Dying Light is a beautiful production of a beautifully bittersweet play. As soon as the audience walked into the BT Studio to be greeted by a dimly lit stage, sparsely clad in the paraphernalia of a hospital waiting room, we knew the types of emotions we were about to be confronted by. Set in America, Dying Light tells the story of two teenage terminal cancer patients who meet in a cancer ward and fall in love, and explores the ways that hope and faith fill up the cracks in pain. “You always have to believe you’re gonna get better”, Jenny tells Tom, and the story’s arc explores how that strength of faith can tangibly play out in the face of extreme hardship
Both Charithra Chandran and Chris Dodsworth gave stunning performances as Jenny and Tom—Charithra’s consistent tears-on-cue were an impressive touch and were placed at key moments that allowed the play to feel continually raw, real and painful. With the production’s intimate and minimal stage setting, it was important for the actors to address the issue of maintaining the fourth wall and they achieved this expertly. The director, Lara Marks, did a wonderful job—and her choice of music was perfect for the atmosphere, as a few well-placed songs gave the play time to pause and space to breathe in such a heart-wrenching storyline.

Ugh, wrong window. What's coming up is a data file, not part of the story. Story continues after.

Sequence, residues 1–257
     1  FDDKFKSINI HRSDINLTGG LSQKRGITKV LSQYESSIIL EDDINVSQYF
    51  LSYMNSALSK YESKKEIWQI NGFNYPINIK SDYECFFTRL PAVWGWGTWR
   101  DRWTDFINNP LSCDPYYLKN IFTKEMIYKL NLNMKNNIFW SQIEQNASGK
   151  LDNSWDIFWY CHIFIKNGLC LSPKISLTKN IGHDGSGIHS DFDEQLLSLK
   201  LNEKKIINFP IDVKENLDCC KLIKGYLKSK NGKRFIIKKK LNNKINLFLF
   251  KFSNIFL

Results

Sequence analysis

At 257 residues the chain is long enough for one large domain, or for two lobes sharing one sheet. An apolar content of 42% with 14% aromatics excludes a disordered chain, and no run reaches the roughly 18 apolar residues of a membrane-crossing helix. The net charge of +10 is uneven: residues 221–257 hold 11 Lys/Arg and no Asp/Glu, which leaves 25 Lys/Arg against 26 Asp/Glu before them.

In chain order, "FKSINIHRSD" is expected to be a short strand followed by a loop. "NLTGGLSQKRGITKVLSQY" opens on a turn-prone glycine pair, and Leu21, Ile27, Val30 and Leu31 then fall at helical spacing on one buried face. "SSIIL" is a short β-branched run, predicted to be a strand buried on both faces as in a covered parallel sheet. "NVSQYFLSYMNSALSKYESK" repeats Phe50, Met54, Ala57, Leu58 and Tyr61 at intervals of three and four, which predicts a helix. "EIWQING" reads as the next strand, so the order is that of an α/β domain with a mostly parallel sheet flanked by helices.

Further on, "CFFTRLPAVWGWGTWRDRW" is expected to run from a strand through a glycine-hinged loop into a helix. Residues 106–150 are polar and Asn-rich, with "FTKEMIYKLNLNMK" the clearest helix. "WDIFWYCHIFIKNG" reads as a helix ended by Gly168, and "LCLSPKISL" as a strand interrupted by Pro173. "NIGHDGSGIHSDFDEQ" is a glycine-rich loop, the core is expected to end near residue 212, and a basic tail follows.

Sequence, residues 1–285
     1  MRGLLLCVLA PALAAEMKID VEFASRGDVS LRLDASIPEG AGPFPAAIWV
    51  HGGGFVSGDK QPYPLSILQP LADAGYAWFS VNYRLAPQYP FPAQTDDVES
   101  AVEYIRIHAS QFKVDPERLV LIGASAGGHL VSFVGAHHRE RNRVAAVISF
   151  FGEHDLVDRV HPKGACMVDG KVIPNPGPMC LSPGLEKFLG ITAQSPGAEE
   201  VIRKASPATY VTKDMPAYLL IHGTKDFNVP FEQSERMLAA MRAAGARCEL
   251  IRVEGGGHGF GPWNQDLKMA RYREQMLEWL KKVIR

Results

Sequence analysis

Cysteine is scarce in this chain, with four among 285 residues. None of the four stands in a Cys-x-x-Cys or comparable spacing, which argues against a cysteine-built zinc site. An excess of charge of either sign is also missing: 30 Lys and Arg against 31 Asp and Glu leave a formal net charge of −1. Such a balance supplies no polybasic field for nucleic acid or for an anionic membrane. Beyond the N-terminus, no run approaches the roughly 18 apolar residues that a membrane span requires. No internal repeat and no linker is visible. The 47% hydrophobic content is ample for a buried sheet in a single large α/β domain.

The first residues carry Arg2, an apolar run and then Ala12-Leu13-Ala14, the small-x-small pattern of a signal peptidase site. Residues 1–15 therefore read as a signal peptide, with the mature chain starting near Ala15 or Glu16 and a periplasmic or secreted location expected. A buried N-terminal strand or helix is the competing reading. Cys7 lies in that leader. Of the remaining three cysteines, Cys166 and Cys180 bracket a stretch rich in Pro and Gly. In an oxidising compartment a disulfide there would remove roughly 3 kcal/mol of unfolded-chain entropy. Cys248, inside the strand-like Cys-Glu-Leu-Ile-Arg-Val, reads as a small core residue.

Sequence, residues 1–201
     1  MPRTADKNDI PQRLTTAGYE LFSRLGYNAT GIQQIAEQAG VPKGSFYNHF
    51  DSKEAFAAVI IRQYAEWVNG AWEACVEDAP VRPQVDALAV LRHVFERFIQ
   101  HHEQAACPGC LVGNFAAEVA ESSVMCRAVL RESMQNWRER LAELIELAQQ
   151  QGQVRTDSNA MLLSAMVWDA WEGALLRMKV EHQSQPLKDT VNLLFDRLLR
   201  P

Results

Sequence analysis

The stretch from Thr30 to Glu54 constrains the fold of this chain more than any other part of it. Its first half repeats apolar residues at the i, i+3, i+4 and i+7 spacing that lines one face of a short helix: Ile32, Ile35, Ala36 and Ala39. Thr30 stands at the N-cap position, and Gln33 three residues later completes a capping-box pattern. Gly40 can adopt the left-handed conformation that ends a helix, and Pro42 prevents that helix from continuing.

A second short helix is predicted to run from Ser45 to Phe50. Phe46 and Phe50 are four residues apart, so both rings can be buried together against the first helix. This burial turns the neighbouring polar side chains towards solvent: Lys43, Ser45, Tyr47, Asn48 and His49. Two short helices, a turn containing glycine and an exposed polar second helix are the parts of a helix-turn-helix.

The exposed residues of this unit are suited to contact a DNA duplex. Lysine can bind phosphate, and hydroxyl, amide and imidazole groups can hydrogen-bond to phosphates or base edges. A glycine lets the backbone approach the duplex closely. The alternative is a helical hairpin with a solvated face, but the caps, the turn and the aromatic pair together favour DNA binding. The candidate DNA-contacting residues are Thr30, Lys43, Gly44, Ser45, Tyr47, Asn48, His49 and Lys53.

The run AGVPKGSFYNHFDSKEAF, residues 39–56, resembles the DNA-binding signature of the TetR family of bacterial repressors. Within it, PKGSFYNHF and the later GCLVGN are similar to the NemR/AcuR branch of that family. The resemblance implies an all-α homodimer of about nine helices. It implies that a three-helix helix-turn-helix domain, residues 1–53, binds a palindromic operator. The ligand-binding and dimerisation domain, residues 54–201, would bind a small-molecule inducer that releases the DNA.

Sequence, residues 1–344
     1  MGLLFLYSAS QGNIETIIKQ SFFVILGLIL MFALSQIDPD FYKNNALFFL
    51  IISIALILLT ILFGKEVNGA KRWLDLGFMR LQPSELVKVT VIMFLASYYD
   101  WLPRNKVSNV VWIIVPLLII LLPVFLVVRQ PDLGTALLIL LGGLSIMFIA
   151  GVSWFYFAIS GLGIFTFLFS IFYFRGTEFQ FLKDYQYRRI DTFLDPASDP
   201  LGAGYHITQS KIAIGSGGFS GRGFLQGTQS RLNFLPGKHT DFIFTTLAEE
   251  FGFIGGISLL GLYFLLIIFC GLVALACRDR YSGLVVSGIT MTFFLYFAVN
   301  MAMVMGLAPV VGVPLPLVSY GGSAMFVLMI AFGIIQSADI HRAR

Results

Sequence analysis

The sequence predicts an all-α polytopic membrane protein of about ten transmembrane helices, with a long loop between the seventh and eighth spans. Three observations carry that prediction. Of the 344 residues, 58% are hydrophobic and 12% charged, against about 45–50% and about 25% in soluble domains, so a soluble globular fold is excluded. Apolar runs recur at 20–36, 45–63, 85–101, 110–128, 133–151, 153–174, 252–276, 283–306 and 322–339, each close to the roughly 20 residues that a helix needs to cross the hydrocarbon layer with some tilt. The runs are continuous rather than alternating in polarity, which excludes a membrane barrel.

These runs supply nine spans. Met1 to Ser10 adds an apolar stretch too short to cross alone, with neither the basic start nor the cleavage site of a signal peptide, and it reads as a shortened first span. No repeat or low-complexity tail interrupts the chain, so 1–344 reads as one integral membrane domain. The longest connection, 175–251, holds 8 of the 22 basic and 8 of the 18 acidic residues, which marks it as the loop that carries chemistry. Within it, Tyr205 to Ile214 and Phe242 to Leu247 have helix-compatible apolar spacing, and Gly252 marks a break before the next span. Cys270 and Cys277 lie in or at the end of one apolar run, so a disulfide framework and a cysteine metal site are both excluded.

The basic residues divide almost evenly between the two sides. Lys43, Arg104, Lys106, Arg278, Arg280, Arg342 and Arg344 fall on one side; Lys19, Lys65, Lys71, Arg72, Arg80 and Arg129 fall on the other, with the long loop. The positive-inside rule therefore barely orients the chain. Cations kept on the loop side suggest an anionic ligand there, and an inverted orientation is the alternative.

The only noticeable first night hiccoughs were due to the Burton Taylor’s impressive blackout system, which left a few of the actors tripping over props during exits and entrances. Saying this, however, there was a gorgeous transition conducted in low light that saw Charithra and Chris change the set together—the audience watched as they built a home over hospital waiting room chairs and clinical hand sanitiser—and followed their attempt to build beauty out of their forced abrupt transition from childhood to adulthood.
In the end, this was a play about hope and faith, and both main characters enacted this necessary warmth beautifully. Their chemistry was lovely throughout, and the slow unravelling of their love story was poignantly demonstrated throughout the minutiae of Marks’ direction; the audience was warmly invited into their intimacy. The transition between emotionally draining monologues and witty quick-fire dialogue was tackled expertly—reminding the audience of the polyphonic way in which grief and love criss-cross over daily reality. The production placed an emphasis on the childish innocence present within both of the main characters, using tactful costumes and light-hearted interactions which resonated in the gravity of the story’s circumstances.
The tense-and-release aspect of the play was impressive, as the script moved from jokes about science fiction films to doubts about faith and the value of life with dizzying speed. The entire production felt like a collaborative project between the creative team and audience to navigate these questions, and the audience left having confronted the full range of emotions they conjure. This production is intimate, warm, and touching, and handled the huge topics it grappled with extreme sensitivity. “I love it all”, says Jenny, as she imagines the vastness of humanity and the miscellany of experience we call life—and I did. I loved it all.